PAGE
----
Comelec urged to act fast on Marcos disqualification case
MANILA, Philippines — A former member of the Commission on Elections (Comelec) on Wednesday said the poll body must act swiftly on the disqualification case filed by human rights advocates against presidential aspirant and former Sen. Ferdinand “Bongbong” Marcos Jr.
The petition to cancel the certificate of candidacy (COC) of the son and namesake of the late dictator filed with the Comelec on Tuesday said Marcos was convicted of tax evasion 26 years ago, stripping him of his eligibility to run for any public office.
“I think the Comelec should act on it as soon as possible,” ex-Comelec Commissioner Gregorio Larrazabal told the Inquirer. “They have to resolve the issue before the elections so that the voters would know the status of the candidate.”
The petitioners alleged that Marcos made a “false material representation,” which is also a ground for disqualification of a candidate under the Omnibus Election Code, when he filed his COC fully aware that he was not eligible to run in the elections.
Afraid of his ‘numbers’
Marcos was unfazed, however, and said the move to disqualify him was “not unexpected.”
Marcos did not directly respond to a request for comment from the Inquirer but in an interview with RMN Palawan radio on Wednesday morning, he said his opponents were just afraid of his “numbers,” referring to surveys showing that he was one of the front-runners among the presidential candidates.
Various surveys say he is way ahead of his main rival, Vice President Leni Robredo, the main opposition candidate who defeated him in the vice presidential polls in 2016.
His chief of staff and spokesperson, Victor Rodriguez, dismissed the petition as mere “propaganda.”
“We shall address this predictable nuisance petition at the proper time and forum—after we receive the official copy of the same,” Rodriguez said in a statement.
“Until then, we will refrain from commenting on their propaganda. Our camp does not engage in gutter politics. Our campaign is about nation building,” he said.
Larrazabal declined to comment directly on the disqualification case against Marcos as he had not read the petition and because he was also a candidate in the 2022 national elections. He is seeking a congressional seat in Leyte province.
According to Comelec spokesperson James Jimenez, the case will be raffled to either the First or Second Division of the Comelec. Summons will be served to Marcos, who has five days to file his response to the petition.
A preconference would be called by the poll body and at the end, the parties would be given three days to submit their respective memorandums summarizing their arguments and evidence.
The matter will then be deemed submitted for resolution. Under Section 8 of the Comelec rules on procedure, the division has to resolve the case within 10 days.
Larrazabal said the disqualification case could go all the way up to the Supreme Court.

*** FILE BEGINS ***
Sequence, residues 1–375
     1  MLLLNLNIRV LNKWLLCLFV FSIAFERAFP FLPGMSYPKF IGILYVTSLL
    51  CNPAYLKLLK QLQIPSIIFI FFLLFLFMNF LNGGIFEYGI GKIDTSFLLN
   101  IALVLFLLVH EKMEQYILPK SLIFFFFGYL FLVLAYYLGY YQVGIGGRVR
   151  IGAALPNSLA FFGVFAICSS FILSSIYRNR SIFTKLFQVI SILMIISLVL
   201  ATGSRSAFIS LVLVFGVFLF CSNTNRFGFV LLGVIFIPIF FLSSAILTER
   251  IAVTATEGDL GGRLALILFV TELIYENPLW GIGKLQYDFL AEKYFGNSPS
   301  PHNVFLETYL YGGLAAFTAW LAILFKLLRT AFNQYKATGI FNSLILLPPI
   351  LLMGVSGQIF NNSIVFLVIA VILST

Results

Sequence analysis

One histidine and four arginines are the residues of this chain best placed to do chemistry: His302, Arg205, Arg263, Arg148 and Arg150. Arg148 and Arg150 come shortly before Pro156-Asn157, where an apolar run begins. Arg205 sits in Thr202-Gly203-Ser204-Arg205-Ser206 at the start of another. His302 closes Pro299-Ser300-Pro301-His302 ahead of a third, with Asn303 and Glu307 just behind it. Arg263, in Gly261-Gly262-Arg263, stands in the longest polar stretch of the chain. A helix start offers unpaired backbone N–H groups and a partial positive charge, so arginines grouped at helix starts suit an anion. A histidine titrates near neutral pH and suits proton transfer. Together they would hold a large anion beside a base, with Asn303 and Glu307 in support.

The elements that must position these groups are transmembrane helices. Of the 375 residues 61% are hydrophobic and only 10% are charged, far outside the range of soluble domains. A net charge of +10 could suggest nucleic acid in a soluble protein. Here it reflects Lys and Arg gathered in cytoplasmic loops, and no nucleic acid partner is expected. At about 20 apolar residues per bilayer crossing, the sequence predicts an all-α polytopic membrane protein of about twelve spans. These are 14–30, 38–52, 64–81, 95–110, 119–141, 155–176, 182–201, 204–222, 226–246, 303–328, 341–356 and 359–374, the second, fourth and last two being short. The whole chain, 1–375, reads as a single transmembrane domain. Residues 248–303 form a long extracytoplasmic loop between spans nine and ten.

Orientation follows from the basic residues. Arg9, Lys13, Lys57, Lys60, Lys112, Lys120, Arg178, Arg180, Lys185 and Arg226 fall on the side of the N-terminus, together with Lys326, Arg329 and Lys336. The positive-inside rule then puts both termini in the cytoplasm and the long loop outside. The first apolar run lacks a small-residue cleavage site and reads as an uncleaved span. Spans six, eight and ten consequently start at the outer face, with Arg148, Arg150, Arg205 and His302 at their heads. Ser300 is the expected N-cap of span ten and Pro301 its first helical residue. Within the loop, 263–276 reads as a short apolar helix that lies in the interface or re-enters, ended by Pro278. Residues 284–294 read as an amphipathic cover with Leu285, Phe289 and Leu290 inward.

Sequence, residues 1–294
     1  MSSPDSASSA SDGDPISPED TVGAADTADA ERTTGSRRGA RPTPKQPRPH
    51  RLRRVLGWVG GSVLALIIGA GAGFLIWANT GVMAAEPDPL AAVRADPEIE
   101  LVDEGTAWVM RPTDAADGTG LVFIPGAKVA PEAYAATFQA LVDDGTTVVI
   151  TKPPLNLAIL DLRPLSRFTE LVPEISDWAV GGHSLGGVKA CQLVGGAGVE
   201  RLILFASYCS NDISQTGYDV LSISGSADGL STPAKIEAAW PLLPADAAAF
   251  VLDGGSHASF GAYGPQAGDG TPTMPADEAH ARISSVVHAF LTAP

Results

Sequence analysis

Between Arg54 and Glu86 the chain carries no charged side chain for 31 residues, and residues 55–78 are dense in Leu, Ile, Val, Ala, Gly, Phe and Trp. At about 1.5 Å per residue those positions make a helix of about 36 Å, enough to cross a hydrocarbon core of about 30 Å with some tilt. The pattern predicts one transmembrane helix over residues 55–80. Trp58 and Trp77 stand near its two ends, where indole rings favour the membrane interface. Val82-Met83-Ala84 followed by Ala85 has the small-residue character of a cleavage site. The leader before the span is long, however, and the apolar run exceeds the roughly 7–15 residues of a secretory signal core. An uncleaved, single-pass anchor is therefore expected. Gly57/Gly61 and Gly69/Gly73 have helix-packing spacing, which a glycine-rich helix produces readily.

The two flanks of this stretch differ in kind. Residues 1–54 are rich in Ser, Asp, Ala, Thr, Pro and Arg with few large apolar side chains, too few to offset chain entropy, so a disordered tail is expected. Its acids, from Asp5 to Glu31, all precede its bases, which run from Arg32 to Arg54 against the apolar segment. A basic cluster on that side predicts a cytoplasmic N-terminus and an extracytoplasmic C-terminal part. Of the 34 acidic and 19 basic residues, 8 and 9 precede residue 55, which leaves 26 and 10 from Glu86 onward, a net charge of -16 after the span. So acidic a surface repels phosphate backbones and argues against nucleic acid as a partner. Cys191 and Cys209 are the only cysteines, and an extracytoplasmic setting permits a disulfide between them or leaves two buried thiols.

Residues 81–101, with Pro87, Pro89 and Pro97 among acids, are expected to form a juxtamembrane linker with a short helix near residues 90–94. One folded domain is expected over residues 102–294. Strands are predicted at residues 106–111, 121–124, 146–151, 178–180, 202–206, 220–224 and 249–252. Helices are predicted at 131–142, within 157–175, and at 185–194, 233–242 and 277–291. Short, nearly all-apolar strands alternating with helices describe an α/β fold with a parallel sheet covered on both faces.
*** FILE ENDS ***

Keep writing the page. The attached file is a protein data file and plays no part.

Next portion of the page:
One of the petitioners, Fides Lim, chair of the group Kapatid-Families and Friends of Political Prisoners, also called on the Comelec to “act now” on their petition.
The petitioners include representatives of various human rights groups—Task Force Detainees, Medical Action Group, Philippine Alliance of Human Rights Advocates, Families of Victims of Involuntary Disappearance and Balay Rehabilitation Center Inc.
Lim assailed the description of the petition as mere propaganda as it was a reminder to the Comelec that both a Quezon City Regional Trial Court in 1995 and the Court of Appeals in 1997 found Marcos Jr. guilty of tax evasion from 1982 to 1985 when he was vice governor and later governor of Ilocos Norte province.
Lim said it was not even necessary for them to file the petition because under a 2013 Supreme Court ruling, the Comelec must enforce all laws relating to elections, including “its mandated duty to cancel the certificate of candidacy of a disqualified individual running for office based on a final conviction.”
“When did facts emanating from court decisions constitute propaganda? But that’s the problem when Marcos apologists and their enablers cannot distinguish truth from lies nor identify the real nuisance candidacy that the Comelec should have barred ages ago to save the country from their ecosystem of gutter politics,” Lim said.
Jimenez on Wednesday protested against a “misleading” press release from the Marcos camp that quoted him out of context when he said there was “no clear case for disqualification” against the ex-senator.
Jimenez said he made his comments in a television interview earlier on Tuesday, before the petition was filed later in the day, when he was asked whether Marcos could be disqualified based on his tax case conviction, as suggested by former Supreme Court Senior Associate Justice Antonio Carpio in one of his recent columns in the Inquirer.
He told One News television that the conviction has to be for a crime involving moral turpitude or for an offense in which the sentence is a penalty of at least 18 months in jail.
“It doesn’t meet this criteria. Right now, there is no clear case for disqualification,” Jimenez said.
But he pointed out on Wednesday that there was yet no petition filed when he spoke.
“The PR (press release) is misleading. The quote was referring to why Senator Marcos hadn’t yet been disqualified despite the fact of his conviction,” he told reporters.
“The original quote should have been taken in the context of the fact that the senator ran for VP (vice president) in 2016. That quote was not intended in any way as a comment on the current petition recently filed,” he added. —WITH REPORTS FROM DONA Z. PAZZIBUGAN, NESTOR CORRALES AND KRIXIA SUBINGSUBING
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